Senate Foreign Relations Committee discusses repeal of 2002 Iraq AUMF

U.S. Sen. James Risch (R-Idaho) attends a Senate Foreign Relations Committee in Washington, D.C. (Photo by Kevin Dietsch/Getty Images)

U.S. Sen. James Risch (R-Idaho) attends a Senate Foreign Relations Committee in Washington, D.C. (Photo by Kevin Dietsch/Getty Images)

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UPDATED 7:37 PM PT – Tuesday, August 3, 2021

Senators have pushed for an official end to policies related to the 2002 Iraq War. On Tuesday, lawmakers in the Senate Foreign Relations Committee held a hearing to discuss the abolition of the Authorization of Use of Military Force, which allowed the Bush administration to send troops to the Middle Eastern country.

Democrats, who have advocated for an outright repeal, said the AUMF was designed as a measure to defend American interests in Iraq and combat threats against the regime headed by Saadam Hussein. The authorization allowed the U.S. to use “any means necessary” to defend U.S. interests and “enforce all relevant” United Nations Security Council resolutions.

However, some Democrats have argued the AUMF has become unnecessary by citing Hussein’s execution in 2006.

“The Biden administration has made clear to a formal statement of administration policy that it is not relying on the 2002 AUMF for ongoing operations or detention authority,” explained Sen. Bob Menendez (R-N.J.). “Logically, as the terms of the AUMG applied only to threats emanating from Saddam Hussein’s Iraq.”

Even diplomats in Joe Biden’s State Department expressed support of the repeal by saying the order has outlived its usefulness. Deputy Secretary of State Wendy Sherman agreed with Democrats and claimed the move wouldn’t effect diplomatic relations with Iraq.

Sherman added there were no ongoing military efforts solely focused on Iraq.

“Our current assessment is that we will not need the 2002 AUMF to protect American interests in the foreseeable future,” she stated. “If we do need additional authorities to defend our people, we will not hesitate to come back to Congress to seek those authorities.”

However, Republicans in the Senate have urged their Democrat colleagues to take a repeal and replace approach.

Utah Sen. Mitt Romney (R) warned of the rising threats in the region from groups linked to the Taliban, ISIS and the Iranian regime. He warned if repealing the 2002 AUMF resulted in the withdrawal of U.S. troops from Iraq, such as the current drawdown in Afghanistan, there would be a power vacuum where insurgents would take over the country.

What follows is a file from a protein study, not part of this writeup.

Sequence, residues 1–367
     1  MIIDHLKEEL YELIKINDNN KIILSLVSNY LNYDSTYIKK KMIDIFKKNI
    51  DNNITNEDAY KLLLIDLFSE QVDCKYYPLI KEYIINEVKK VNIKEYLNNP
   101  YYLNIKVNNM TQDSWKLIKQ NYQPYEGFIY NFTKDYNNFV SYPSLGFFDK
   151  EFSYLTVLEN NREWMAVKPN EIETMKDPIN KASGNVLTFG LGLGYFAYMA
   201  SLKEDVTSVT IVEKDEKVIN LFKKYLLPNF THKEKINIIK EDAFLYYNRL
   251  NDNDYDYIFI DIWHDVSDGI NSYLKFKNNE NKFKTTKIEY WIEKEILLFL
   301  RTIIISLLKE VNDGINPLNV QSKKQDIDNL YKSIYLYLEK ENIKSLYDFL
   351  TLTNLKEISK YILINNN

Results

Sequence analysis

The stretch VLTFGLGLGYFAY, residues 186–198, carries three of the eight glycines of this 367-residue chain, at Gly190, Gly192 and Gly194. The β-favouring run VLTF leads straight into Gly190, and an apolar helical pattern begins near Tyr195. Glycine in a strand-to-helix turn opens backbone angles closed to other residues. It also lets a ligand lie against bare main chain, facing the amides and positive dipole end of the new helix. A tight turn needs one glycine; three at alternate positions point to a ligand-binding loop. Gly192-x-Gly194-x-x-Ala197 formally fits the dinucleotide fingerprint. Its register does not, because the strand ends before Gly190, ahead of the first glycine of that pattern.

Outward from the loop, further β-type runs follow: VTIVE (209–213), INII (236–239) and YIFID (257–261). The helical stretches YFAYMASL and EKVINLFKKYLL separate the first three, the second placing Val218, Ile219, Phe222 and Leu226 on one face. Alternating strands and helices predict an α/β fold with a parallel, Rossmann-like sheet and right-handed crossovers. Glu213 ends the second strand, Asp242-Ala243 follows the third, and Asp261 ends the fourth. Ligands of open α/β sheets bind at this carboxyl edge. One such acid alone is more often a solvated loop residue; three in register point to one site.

In addition, former U.S. ambassador to Japan Sen. Bill Hagerty (R-Tenn.) expressed the same concerns with Iran. He proposed Congress and the Biden administration repeal the 2002 authorization and replace it with an updated measure to combat the modern security concerns American troops have been facing from Iran-backed terrorism.

However, other GOP senators, including Sen. Rand Paul (R-Ky.), said it was time to officially end the war, in which the fighting stopped nearly a decade ago. Paul said AUMFs, such as the one under discussion, took an immense toll on the men and women who serve in the U.S. military.

“People who want to keep it in place have to realize this vote will be similar to the vote in 2002. The vote in 2002 allowed 100,000 troops or more to be in Iraq. It allowed 2,000 of our soldiers to die. It allowed 20,000 people to be wounded,” he expressed. “…That’s what you are voting for now.”

The hearing came after House lawmakers voted to repeal a handful of AUMFs from the Cold War, Operation Desert Storm and the 2002 Iraq War. The push came after Biden ordered air strikes in Syria in February and June of this year without consulting with Congress beforehand.

Lawmakers have been looking to hinder a president’s ability to abuse AUMFs, while promoting ways to keep U.S. troops safe.

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Carley Joanou
Author: Carley Joanou

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